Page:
It happened near the end of last year’s frenetic harvest, as the exhausted vineyard crew at Black Ankle Vineyards near Mount Airy scrambled to get grapes off the vines and into the cellar. Incessant rain from mid-September into October squeezed the harvest from its normal six weeks into three, and the crew worked 16-hour shifts every day of the week in a race to get the grapes picked before they took on too much water — or worse, rotted.
Walking through the winery, co-owner Ed Boyce met with vineyard manager Evencio Martinez, who was “bleeding” the last lot of merlot: draining some of the just-pressed juice into another tank in order to concentrate what’s left. The separated juice would be used to make a rosé or to top off some of the final red wine blends.
Boyce noticed something was wrong. The hose from the merlot tank was not connected to the “bleed tank” but to the adjacent one, which held the winery’s fermenting proprietary white wine blend, coincidentally called Bedlam. By the time he managed to stop the flow, the white wine had been stained by about 120 gallons of pink merlot juice.
“Evencio is our star, the best guy we have,” Boyce said recently, recalling the incident with a laugh. “The first thing he did was call Sarah and apologize,” referring to his wife and co-owner, Sarah O’Herron, who’s in charge of the winemaking.
On Memorial Day weekend, Black Ankle released its 2011 Bedlam Rosé, a blend of gruner veltliner, albarino, viognier, chardonnay and muscat, as well as about 10 percent merlot. It’s a wine that wasn’t supposed to be, and, as you might expect with that blend, it doesn’t taste like a typical rosé. But it is good, and even at $28 a bottle, Boyce expects to sell out of the 208 cases they produced. (Fans of the Bedlam white blend needn’t fret; after the accident, Boyce and O’Herron blended more Bedlam from their separate white wines.)
Some popular wines are created by accident. Others are improvised by creative winemakers forced to deal with what nature offers instead of what the winemaker intended.
In 2005, Virginia experienced a large, excellent harvest, and many wineries, such as Cooper Vineyards in Louisa County, had more grapes than they could handle. Co-owners Geoffrey Cooper and Jacquelyn Hogge decided to make ice wines from 2 tons each of vidal blanc and Norton grapes they had left over. So they sent the grapes to a commercial freezer facility in Waynesboro. Gently pressing frozen grapes allows the winemaker to separate the ice (water) from the concentrated juice, yielding an unctuous sweet wine.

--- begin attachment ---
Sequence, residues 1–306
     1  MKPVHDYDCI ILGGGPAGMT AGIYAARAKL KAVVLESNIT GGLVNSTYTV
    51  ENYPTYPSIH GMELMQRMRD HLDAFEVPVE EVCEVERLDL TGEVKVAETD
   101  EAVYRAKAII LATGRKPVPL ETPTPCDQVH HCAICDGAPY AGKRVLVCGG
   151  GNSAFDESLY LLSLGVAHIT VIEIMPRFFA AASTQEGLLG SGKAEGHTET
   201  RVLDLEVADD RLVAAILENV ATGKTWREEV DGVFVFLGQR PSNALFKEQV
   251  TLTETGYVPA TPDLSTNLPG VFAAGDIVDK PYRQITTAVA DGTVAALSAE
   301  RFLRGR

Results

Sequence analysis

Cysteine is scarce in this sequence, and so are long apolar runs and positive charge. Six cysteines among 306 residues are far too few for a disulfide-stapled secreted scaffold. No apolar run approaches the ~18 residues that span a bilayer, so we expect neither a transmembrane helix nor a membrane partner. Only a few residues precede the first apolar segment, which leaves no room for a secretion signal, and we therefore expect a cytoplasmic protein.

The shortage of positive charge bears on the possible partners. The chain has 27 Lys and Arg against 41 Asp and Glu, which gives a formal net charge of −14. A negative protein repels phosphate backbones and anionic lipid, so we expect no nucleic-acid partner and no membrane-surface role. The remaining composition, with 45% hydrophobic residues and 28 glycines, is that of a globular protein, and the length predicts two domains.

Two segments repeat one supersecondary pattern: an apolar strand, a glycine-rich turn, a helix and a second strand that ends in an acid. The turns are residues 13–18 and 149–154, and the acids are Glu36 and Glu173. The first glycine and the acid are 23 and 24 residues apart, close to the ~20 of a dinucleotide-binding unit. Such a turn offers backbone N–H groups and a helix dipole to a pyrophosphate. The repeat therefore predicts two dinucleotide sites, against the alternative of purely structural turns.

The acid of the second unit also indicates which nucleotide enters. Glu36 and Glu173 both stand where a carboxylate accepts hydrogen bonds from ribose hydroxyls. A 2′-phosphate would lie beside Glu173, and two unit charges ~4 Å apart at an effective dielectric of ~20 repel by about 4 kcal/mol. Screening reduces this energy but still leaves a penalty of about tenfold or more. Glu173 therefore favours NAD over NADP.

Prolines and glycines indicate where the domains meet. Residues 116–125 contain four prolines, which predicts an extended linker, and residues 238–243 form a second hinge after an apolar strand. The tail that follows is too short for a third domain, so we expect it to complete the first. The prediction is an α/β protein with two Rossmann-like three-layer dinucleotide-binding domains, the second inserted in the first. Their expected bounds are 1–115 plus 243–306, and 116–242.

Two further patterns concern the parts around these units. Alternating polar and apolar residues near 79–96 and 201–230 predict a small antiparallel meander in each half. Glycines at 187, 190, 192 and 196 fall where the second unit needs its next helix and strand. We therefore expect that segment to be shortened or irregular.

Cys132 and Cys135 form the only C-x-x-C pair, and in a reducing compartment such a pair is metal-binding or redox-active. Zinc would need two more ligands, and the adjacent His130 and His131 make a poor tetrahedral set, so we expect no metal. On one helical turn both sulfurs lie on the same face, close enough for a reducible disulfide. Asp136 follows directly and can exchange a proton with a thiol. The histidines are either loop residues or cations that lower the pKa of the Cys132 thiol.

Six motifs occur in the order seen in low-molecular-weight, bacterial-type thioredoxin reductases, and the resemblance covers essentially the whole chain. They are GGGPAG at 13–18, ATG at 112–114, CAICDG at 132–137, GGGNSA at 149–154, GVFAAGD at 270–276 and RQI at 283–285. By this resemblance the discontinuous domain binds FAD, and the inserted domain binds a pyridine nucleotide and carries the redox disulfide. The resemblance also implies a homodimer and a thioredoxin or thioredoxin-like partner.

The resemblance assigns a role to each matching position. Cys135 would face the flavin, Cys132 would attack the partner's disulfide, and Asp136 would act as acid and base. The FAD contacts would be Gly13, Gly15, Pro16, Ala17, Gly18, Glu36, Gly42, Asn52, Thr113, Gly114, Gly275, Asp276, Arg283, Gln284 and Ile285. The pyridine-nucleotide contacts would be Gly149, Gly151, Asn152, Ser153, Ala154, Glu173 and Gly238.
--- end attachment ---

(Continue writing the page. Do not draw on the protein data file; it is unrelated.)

“We came out with a very nice white wine, which became our Vida dessert wine,” Cooper said. “The Norton grapes, however, produced a wine that was not as sweet as we wanted and had a lot of berry flavors. I believe they had thawed too much prior to pressing. I love berries with chocolate, so I suggested a chocolate-infused wine.”
Winemaker Graham Bell set to work with some chocolate extract samples and created Noche, which has won several medals in competitions and is now Cooper Vineyards’ most popular wine.
“Noche now makes up about 30 percent of our total production and outsells all of our other wines by more than double,” Hogge said.
Bernd Jung, owner and winemaker of Chester Gap Cellars near Front Royal, Va., faced a quandary in 2006, when he wanted to make a sweet wine from petit manseng but the grapes refused to ripen enough. So he pressed the wine, blended in some viognier for balance and called the final product Cuvee Manseng. It is a wine unlikely to be made anywhere in the world except Virginia, because that’s the only place those two grapes grow together.
A floral, off-dry white, the Cuvee Manseng was a hit, and Jung produced 350 cases at its height. But it won’t become his signature, as his petit manseng vines have been hit by disease and are dying. “The variety will probably go away within a few years,” he says. “I’ve already lost about 30 percent of the vines.”
At Black Ankle, Ed Boyce says he hopes the Bedlam Rosé won’t become a signature wine. “I don’t want to make it again,” he said before the wine was released. “But we’ve told customers the story and they’re raring to try it. This is a funny business.”